· If you only answered yes to 1 question there may be too little pressure to be right.


You may have noticed that many of the above questions are personal and relate to how you feel. It is very common for people to put more pressure on themselves to be right than the company leadership does.


In our study of more than 5,000 teams trying to solve complex problems, we’ve seen a lot of mistakes. It is quite common for teams to make more mistakes than finding solutions. One interesting observation we’ve made is that those teams that are willing to promote and test ideas quickly regardless of likelihood of being correct tend to solve more problems in less time than those that only try an idea if they think it has a high likelihood to be correct.


One of the greatest baseball hitters of all time was also known for striking out. Babe Ruth had 714 home runs, but he also had 1,330 strikeouts. In those 1,330 strikeouts he missed the ball 3,990 times. We don’t know how many times he might have missed the ball in the at bats that he ended up hitting the ball, but it is still clear that the number of misses far exceeded the number of hits. We also know that the only way to hit a home run is to take a strong swing at each good pitch. Tentative swings will not get the ball over the wall no matter how good the pitch is. Swinging at every pitch regardless of their quality is not a good idea either because even if we hit a bad pitch, the ball is likely to not go where we intended.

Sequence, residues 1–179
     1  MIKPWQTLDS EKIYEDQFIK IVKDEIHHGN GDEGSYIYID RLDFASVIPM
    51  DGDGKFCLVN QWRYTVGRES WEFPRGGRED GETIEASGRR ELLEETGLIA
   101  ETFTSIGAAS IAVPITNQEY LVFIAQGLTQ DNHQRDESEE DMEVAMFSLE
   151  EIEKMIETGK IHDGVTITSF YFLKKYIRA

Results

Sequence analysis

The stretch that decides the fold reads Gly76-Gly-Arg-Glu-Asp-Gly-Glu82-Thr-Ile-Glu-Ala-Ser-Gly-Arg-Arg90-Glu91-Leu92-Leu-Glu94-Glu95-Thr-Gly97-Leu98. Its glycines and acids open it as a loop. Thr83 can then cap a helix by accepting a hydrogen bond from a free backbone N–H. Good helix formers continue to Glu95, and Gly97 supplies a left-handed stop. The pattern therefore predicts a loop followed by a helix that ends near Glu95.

Recently I observed a team trying to solve a problem near the end of a session as time was about to run out. They were working on a logic puzzle to find the order of button presses in the room. They had enough of the puzzle solved that they knew about half the order. Rather than testing their findings on the buttons, they instead opted to solve the problem on paper. They spent the last few precious minutes writing things down and time ran out before they made much progress. In baseball terms, they never swung the bat. When we entered the room, we had them try to find the correct sequence by testing what they did know. Within about half the time they spent before, they were able to solve the sequence. If they had just stepped up to the plate and started swinging, they would have finished. They were more concerned with making a mistake than they were with solving the problem.


When the fear of making a mistake takes precedence over solving the problem, the entire problem-solving process is slowed if not halted. While correctness is important, is should never be the primary driving force of a team trying to solve a problem.


As leaders, we need to build a culture of swinging by rewarding those who step up to the plate ready to play. Encourage the team's ideas and find ways to test them quickly to see which ones have the most merit. When mistakes are made, learn from them and move on. Often it is the mistake that leads to the victory. Mistakes are victory’s steppingstones.

21 views1 comment

Recent Posts

See All